3. osborne says:

    Yeah that was supposed to be a single P570. I’ve notified the FactPoint guys and modified it on my post.

    • pcadille says:

      Hello Kerry, it seems to me that you are a software guy that does not pay to much attention on the hardware part. Maybe you should in some way. P570 are old machines now, and one machine is not Twelve (now corrected) !
      Lately I have discussed with Oracle consultants in offline conversations, they always told me that power systems are the best machines to run Oracle RDBMS and when I see where they look to get inspiration (Mainframe Coupling Facility and DB2 PureScale, based on mainframe CF too) plus LPAR facility, may be you should take a look too. Anyway I really appreciate your Oracle Expertise. Regards

  4. osborne says:

    Hi pcadiille,

    I am definitely a software guy and I don’t really consider myself to be a hardware guy. However, I believe that everyone has their set of colored glasses that they look through. The color is made up of the experiences they have had over their lifetime. I’ve never been employed to design or build hardware. But I have spent my whole career doing work on machines that run Oracle so I don’t consider myself to be completely ignorant of the hardware side of our business either. I am well aware that P570’s are not the most current version of platform. I might also point out that the current generation of Exadata (X2-2) is not exactly bleeding edge at this point either. Westmere CPU’s are a couple of years old and the F20 flash cards are even older. The new X3 versions (which should be announced in the next few minutes) will be more in line with currently available hardware, sporting Xeon E5-2690 (Sandy Bridge) CPUs. By the way, we have several customers running Oracle on P7’s and several that have converted from P7’s to Exadata as well.

    The particular customer story that I mentioned from the FactPoint TCO Study was doing a hardware refresh (which they do every 3 years). As a matter of fact, we helped them with the migration to the IBM boxes in the first place (off of Sun servers). The main point of the post was to notify people that the study exists (and I hope you’ll listen to the whole thing). I also mentioned that I find the quotes from real customers to be quite revealing. When someone says things like “My 5 hour job now runs in 30 minutes” and “My 14 hour backup now runs in 45 minutes” it gives a sense of how much difference the platform has made to them. I’ve personally never seen a hardware upgrade create that kind of difference and I’ve been working on Oracle systems since the mid 80’s. (that’s prior to Exadata of course).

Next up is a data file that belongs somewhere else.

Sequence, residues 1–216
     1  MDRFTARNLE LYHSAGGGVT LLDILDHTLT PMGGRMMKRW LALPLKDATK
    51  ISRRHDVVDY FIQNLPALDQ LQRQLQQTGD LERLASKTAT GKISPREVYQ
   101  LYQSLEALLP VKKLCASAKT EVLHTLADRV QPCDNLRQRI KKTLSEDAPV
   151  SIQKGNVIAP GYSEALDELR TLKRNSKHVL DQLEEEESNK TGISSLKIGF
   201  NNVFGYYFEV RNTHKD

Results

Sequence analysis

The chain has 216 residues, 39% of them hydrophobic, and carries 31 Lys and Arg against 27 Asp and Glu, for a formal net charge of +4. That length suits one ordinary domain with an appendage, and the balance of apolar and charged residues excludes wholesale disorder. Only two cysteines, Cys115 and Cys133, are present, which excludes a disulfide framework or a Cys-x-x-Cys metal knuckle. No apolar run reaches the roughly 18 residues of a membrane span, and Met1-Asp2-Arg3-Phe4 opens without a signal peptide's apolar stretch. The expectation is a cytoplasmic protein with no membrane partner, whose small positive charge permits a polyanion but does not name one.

Which brings me to my last comment. Moving to Exadata is not the same thing as just moving to faster hardware. There are some fundamental changes in how Oracle behaves on Exadata. That’s where the improvements come from, not the hardware. We frequently do a demonstration where we turn the Exadata software optimizations (offloading) off and run baselines. We then turn the features on one at a time (column projection, then filtering, then storage indexes) and watch the execution times drop like a rock. If you are at OOW you can come by the Enkitec booth and see Tim Fox do the demonstration in person. If you ask nicely, he may even let you log on to one of our Exadata’s and try some queries on your own. 😉

    • jametong says:

      For DW, you may be right,But for OLTP,the main improvement is come from the flash and the Infiniband, the flash radically reduced the db file sequential/scattered read latency and the db file parallel write latency, and associated CPU cycles for read/write data,the Infiniband radically reduced log file parallel write ,so improved commit efficiency intensively. Otherwise,the CPU processing power of Intel X5675 and E2690 is a little powerful than the IBM power 5 series and Power 7 Series. Just compare the CPU power is a little flaw. If compare the performance, I recommend your to suggest your customer with the new Flash Storage with the old architecture for OLTP. New Flash vendors list : Kaminario, Nimbus storage,Texas Memory System,..

  5. […] point out that the official white paper version of the TCO study I talked about in a previous post (Exadata vs. IBM P-Series) is now available on the Oracle web site […]

  6. […] Kerry Osborne’s Oracle Blog for more details about the Exadata vs. IBM P-Series […]